We've told you before about the effects of sugar on your brain and body. A controversial paper in Nature argues that the impact of sugar on global health is such that it should be subject to similar restrictions as alcohol. Australian medical experts aren't particularly convinced we should go that far, but agree that sugar represents a major health threat and we need to moderate our consumption.
Picture by Uwe Hermann
In the paper, Robert H. Lustig, Laura A. Schmidt and Claire D. Brindis argue that the health impact of sugar is potentially so great that it should be subject to similar restrictions as alcohol. Options proposed include increased levels of taxation on soft drinks with added sugar; tighter licensing requirements on vending machines and their removal from schools; restrictions on establishment of fast-food chains in low-income areas; and even potential bans on soft drinks for under-17s.
Why single out sugar for such drastic treatment? The paper argues:
Authorities consider sugar as 'empty calories' -- but there is nothing empty about these calories. A growing body of scientific evidence is showing that fructose can trigger processes that lead to liver toxicity and a host of other chronic diseases. A little is not a problem, but a lot kills -- slowly.
Given that sugar has the same impacts as alcohol -- pervasiveness, toxicity, potential for abuse and a demonstrable impact on society -- the authors argue that regulation is appropriate. They also point out that sugar consumption levels have risen drastically in a world dominated by processed food, compared to primitive societies where sugar access would be harvest-dependent and infrequent: "Nature made sugar hard to get; man made it easy." A chart showing world sugar consumption underlines the point, but the number that really threw me was that the average US citizen drinks 216 litres of soft drink every year.
Australian health experts don't particularly agree with the take published in Nature, but many asked to comment on the issue by the Australian Science Media Centre concur that the issue of excess sugar consumption does need addressing even if the risks have been exaggerated.
"This commentary is a provocative piece intended to encourage debate," said Dr Alan Barclay, head of research at the Australian Diabetes Foundation. "Many of the statements simply do not apply to Australia and on certain issues there is little evidence to support their views. ‘Sugar’ is not the issue, it is far more complicated than that.
"The authors state that over the past 50 years, consumption of sugar has tripled worldwide. However, in Australia sugar consumption has dropped 23% since 1980. Despite this, during that time cases of overweight or obese people have doubled, whilst diabetes has at least tripled.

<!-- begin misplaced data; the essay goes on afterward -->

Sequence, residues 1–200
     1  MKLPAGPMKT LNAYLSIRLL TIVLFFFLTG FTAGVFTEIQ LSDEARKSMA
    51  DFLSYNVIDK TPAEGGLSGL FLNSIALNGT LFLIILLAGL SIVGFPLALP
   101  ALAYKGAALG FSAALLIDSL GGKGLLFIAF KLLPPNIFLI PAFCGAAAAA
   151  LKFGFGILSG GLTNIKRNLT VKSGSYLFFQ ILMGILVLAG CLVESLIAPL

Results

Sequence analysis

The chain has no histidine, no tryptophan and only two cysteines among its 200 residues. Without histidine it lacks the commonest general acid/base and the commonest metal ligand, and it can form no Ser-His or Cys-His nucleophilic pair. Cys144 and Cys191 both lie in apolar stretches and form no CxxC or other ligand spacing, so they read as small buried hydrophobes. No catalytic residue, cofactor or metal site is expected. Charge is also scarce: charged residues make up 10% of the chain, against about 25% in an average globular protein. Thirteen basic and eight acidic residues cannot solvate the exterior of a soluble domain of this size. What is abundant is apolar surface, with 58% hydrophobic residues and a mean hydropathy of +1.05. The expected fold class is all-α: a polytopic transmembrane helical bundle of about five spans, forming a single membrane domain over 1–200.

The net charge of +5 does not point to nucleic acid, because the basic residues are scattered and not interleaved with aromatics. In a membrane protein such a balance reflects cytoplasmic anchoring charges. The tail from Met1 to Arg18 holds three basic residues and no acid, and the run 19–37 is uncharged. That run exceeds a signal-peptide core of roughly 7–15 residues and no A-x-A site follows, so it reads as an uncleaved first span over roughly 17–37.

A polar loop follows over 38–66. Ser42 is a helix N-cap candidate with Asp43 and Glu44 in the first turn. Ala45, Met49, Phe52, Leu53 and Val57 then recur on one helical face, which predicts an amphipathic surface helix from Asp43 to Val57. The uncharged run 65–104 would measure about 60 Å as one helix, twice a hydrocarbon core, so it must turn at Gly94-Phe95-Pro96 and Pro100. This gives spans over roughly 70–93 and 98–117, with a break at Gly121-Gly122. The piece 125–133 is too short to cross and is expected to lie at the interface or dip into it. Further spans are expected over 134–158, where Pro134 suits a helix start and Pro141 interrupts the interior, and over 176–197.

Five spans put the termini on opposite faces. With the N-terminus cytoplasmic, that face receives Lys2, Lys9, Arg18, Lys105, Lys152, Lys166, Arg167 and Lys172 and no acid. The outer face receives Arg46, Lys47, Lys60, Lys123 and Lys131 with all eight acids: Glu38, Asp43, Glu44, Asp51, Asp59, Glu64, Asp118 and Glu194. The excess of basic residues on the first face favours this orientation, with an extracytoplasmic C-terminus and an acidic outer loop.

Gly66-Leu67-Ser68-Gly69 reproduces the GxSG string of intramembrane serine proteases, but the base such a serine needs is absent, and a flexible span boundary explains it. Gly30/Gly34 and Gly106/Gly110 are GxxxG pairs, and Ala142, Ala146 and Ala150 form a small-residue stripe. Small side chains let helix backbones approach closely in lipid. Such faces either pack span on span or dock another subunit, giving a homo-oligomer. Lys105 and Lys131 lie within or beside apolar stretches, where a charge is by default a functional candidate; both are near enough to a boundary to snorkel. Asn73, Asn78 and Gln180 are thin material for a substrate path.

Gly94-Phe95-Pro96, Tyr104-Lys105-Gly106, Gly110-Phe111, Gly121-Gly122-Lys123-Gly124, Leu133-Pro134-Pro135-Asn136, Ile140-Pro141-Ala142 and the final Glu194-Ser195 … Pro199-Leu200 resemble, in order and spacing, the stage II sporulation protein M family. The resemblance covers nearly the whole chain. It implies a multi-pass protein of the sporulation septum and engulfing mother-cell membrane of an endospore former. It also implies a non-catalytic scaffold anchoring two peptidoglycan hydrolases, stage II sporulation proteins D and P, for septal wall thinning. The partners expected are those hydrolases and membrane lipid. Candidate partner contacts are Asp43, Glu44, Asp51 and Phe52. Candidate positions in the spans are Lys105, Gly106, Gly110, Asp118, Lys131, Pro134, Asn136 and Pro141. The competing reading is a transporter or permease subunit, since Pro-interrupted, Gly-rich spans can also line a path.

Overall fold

"Lustig and his colleagues claim that sugar should be regulated like alcohol because it is unavoidable, toxic, has potential for abuse and has a negative impact on society. However, it is certainly not unavoidable, it is only ‘toxic’ in unrealistic amounts and to suggest that consuming sugar is a form of abuse is one of the worst cases of puritanism that I have seen in a while. It’s worth noting that soft drinks and other non-core ‘party’ foods are already taxed (GST) in Australia.
"Just like anything else, sugar should only be eaten in moderation. As we continue our research we are finding out more and more about the importance of refined starch and specific fatty acids and the average Australian can do a lot to improve their diet, but casting sugar as the ultimate villain and calling for regulation is misleading, unfounded and unnecessary."
A key issue is that a taste for sugar, if acquired young, can persist into adulthood. "Because eating habits and taste tend to be influenced by what we eat as infants and young children, an unhealthy habituation or addiction to sugar, which influences lifetime health, can be established from a very young age when the ability and capacity to make informed eating choices are simply unavailable," said Professor Leonie Segal, foundation chair of the Health Economics & Social Policy Group at the University of SA. "This provides a strong case for governments to intervene to encourage healthy food choices, by children and thus families."
But as anyone who has experienced both a massive hangover and a sugar rush will attest, one feels much worse than the other. "Alcohol toxicity is not just metabolic - it causes violence and road deaths and sugar in any of its forms cannot compete with this statistic," said Professor Peter Clifton, head of nutritional interventions at Baker IDI Heart and Diabetes Institute. "Almost all of the evidence against sugar is epidemiological - that is association, not necessarily causation. Sugar is just another form of over-consumed calories - easily available and very palatable but no more metabolically deadly than starch or fat calories and certainly not equivalent to alcohol."
While it's certainly possible to argue that drinking can have more drastic consequences than sugar, it's worth remembering that sugar abuse is much more widespread and could have a longer-term social cost. "While at its extreme alcohol may have more damaging effects than sugar, excessive consumption of sugar is considerably more prevalent than excessive alcohol consumption, part of the reason why population level strategies make sense," Professor Segal said.
My final comment? If you're drinking sweet premix alcoholic stuff in cans, you've absolutely got the worst of all possible worlds. The question of how to regulate sugar intake is likely to be debated for a long time, and I can't imagine any nation will go as far as the paper authors propose, but if you want to take control of your own health you should look to cut down on unneeded sugars in your diet. Dumping soft drink (the biggest-selling product in Australian supermarkets) and drinking water is a really obvious place to start.